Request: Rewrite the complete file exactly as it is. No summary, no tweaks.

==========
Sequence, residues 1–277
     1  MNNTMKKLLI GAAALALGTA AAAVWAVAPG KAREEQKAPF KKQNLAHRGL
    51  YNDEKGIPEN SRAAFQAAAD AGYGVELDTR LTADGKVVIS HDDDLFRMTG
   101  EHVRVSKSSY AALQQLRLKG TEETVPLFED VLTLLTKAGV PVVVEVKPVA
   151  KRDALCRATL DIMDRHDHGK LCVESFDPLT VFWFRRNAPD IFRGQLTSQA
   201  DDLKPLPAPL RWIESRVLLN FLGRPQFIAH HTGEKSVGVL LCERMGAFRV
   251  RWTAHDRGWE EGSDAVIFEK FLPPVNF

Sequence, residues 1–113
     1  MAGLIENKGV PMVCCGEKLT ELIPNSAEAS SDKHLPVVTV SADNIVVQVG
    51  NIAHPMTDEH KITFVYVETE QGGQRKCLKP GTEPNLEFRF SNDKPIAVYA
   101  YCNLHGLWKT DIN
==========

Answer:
Sequence, residues 1–277
     1  MNNTMKKLLI GAAALALGTA AAAVWAVAPG KAREEQKAPF KKQNLAHRGL
    51  YNDEKGIPEN SRAAFQAAAD AGYGVELDTR LTADGKVVIS HDDDLFRMTG
   101  EHVRVSKSSY AALQQLRLKG TEETVPLFED VLTLLTKAGV PVVVEVKPVA
   151  KRDALCRATL DIMDRHDHGK LCVESFDPLT VFWFRRNAPD IFRGQLTSQA
   201  DDLKPLPAPL RWIESRVLLN FLGRPQFIAH HTGEKSVGVL LCERMGAFRV
   251  RWTAHDRGWE EGSDAVIFEK FLPPVNF

Sequence, residues 1–113
     1  MAGLIENKGV PMVCCGEKLT ELIPNSAEAS SDKHLPVVTV SADNIVVQVG
    51  NIAHPMTDEH KITFVYVETE QGGQRKCLKP GTEPNLEFRF SNDKPIAVYA
   101  YCNLHGLWKT DIN